The UK withdrew from the European Union on January 31, 2020. Image: iStock.

This step has been widely welcomed by the art and antiques trade due to the complexity of the regulation and perceived onerous impact on dealers and auction houses.

However, the manner of the repeal could have unforeseen consequences, according to an organisation that protects cultural heritage during conflict.

The UK National Committee of the Blue Shield (UKBS) has issued a warning and alerted government about its concerns that it is unprepared to “handle the challenges of maintaining distinct systems for the import of cultural goods into different parts of the UK” and has “significantly underestimated the risks this might pose to the increase of illicit trafficking through Northern Ireland”.

UKBS does not oppose the revocation and acknowledged that the regulation has been widely criticised for its potential effects on what many countries may recognise as legally owned objects which have no contribution to terrorist financing.

Instead, the organisation is urging government to plan for the impact it will have.

Following Brexit, earlier this month (May 19) the UK began to repeal the EU Regulation on the Introduction and the Import of Cultural Goods (EU 2019/880) (“Regulation”) in Great Britain, but not Northern Ireland.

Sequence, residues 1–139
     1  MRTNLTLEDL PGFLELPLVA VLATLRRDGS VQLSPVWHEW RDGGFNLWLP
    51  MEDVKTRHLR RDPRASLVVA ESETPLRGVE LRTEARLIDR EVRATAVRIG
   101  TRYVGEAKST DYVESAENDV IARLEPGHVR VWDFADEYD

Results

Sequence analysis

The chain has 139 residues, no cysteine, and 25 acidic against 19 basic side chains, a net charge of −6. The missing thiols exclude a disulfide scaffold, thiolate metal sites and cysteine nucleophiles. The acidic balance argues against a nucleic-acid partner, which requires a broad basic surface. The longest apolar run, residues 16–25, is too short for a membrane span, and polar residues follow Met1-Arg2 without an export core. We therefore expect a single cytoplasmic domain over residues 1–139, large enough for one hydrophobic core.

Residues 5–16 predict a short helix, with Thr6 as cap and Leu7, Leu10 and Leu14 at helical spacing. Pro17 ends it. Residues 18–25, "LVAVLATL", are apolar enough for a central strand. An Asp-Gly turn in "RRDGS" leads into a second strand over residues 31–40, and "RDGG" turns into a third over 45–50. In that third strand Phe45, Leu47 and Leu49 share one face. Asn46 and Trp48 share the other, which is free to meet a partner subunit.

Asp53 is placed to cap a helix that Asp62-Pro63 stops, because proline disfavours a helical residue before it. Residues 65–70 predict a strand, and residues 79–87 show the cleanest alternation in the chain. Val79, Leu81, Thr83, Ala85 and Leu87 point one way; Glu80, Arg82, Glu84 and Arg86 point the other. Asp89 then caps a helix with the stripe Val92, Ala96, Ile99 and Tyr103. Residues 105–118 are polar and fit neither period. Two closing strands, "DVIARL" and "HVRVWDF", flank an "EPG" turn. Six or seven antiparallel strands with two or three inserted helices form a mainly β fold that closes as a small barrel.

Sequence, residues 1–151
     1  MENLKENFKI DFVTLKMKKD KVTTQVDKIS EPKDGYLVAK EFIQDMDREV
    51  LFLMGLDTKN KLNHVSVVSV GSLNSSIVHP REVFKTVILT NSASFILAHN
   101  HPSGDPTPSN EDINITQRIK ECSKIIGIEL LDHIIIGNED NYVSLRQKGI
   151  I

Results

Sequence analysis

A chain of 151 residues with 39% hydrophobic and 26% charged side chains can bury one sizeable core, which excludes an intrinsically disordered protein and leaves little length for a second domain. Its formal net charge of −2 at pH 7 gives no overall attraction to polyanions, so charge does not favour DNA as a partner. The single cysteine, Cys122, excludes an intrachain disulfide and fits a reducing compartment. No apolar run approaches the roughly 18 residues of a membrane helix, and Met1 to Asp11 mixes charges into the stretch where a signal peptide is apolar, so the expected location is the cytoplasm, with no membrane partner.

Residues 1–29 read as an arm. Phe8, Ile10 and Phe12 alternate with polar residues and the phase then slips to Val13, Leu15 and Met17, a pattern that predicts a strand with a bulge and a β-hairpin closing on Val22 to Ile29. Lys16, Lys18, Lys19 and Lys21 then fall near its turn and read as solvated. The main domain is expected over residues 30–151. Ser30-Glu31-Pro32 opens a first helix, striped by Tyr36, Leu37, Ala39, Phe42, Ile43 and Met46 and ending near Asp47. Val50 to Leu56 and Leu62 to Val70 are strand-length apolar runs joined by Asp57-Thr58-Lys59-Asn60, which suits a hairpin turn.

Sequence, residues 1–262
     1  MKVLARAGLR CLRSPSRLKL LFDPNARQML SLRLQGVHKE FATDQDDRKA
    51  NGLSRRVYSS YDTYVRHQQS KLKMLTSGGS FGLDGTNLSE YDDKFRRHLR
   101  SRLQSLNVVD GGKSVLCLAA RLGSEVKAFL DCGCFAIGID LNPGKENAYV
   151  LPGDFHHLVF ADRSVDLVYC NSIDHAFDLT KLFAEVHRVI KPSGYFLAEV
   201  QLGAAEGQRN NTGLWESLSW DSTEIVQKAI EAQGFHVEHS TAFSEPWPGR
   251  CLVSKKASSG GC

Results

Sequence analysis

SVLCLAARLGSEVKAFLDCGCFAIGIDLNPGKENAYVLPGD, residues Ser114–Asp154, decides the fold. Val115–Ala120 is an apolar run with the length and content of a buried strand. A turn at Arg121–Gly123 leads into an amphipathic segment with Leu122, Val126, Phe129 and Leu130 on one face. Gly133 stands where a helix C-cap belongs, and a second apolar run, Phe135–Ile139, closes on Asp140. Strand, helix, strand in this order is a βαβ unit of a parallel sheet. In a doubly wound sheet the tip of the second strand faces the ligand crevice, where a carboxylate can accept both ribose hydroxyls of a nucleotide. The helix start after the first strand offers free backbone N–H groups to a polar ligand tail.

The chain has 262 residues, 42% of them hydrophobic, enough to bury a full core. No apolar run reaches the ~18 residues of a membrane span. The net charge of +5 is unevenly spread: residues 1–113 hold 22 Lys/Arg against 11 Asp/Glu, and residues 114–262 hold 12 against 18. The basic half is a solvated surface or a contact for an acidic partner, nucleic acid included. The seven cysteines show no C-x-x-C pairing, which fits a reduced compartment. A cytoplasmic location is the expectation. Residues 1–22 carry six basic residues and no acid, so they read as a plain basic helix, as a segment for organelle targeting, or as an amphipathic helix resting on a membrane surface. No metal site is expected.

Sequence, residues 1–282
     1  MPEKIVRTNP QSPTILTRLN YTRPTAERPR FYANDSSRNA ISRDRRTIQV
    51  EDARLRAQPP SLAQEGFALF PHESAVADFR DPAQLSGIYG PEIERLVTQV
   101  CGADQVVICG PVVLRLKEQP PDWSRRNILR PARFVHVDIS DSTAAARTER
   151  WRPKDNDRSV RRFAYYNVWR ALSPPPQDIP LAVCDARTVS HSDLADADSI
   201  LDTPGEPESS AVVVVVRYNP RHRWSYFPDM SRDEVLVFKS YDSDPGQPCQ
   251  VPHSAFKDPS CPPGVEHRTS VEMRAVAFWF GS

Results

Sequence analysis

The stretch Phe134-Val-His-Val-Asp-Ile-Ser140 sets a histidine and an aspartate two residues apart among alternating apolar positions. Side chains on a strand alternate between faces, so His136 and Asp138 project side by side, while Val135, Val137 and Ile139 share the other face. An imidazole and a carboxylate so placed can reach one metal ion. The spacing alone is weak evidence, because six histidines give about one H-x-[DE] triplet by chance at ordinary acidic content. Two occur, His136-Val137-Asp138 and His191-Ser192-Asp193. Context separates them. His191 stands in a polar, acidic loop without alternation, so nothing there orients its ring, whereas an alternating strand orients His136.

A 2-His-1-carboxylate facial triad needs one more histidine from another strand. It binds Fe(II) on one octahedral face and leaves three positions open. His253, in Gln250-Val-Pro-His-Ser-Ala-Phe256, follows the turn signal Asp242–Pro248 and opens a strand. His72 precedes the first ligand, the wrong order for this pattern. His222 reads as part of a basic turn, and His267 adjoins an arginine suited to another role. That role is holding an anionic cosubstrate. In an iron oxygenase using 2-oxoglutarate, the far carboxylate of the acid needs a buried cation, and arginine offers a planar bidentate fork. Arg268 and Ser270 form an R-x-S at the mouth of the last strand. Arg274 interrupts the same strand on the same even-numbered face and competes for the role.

This difference between Northern Ireland and Great Britain could create major challenges if the UK is not well prepared, UKBS has warned.

Fionnuala Rogers, cultural property lawyer and chair of UKBS, said: “It is highly likely that the EU will want to ensure that Northern Ireland does not become a gateway for cultural goods to enter the EU in violation of the Regulation.

“Equivalent checks will need to be carried out in Great Britain, and UK customs will need to ensure that cultural goods being exported to Northern Ireland, whether destined for the EU or not, have not been illegally exported from their country of origin, a check that is not currently required at UK borders. Ultimately, the UK is going to have to make some significant changes as a result of this regulation, despite the revocation.”

The UK government is due to debate the issues after the recess in June. UKBS added that it is “essential that the UK government considers these matters during the parliamentary debate”.

The organisation also said the “UK’s effectiveness at combatting illicit trafficking and protection of cultural property is also likely to come under scrutiny, particularly as culture is on the agenda for the G20 summit in Italy in October 2021 for the first time”.

Read more about UKBS's statement here.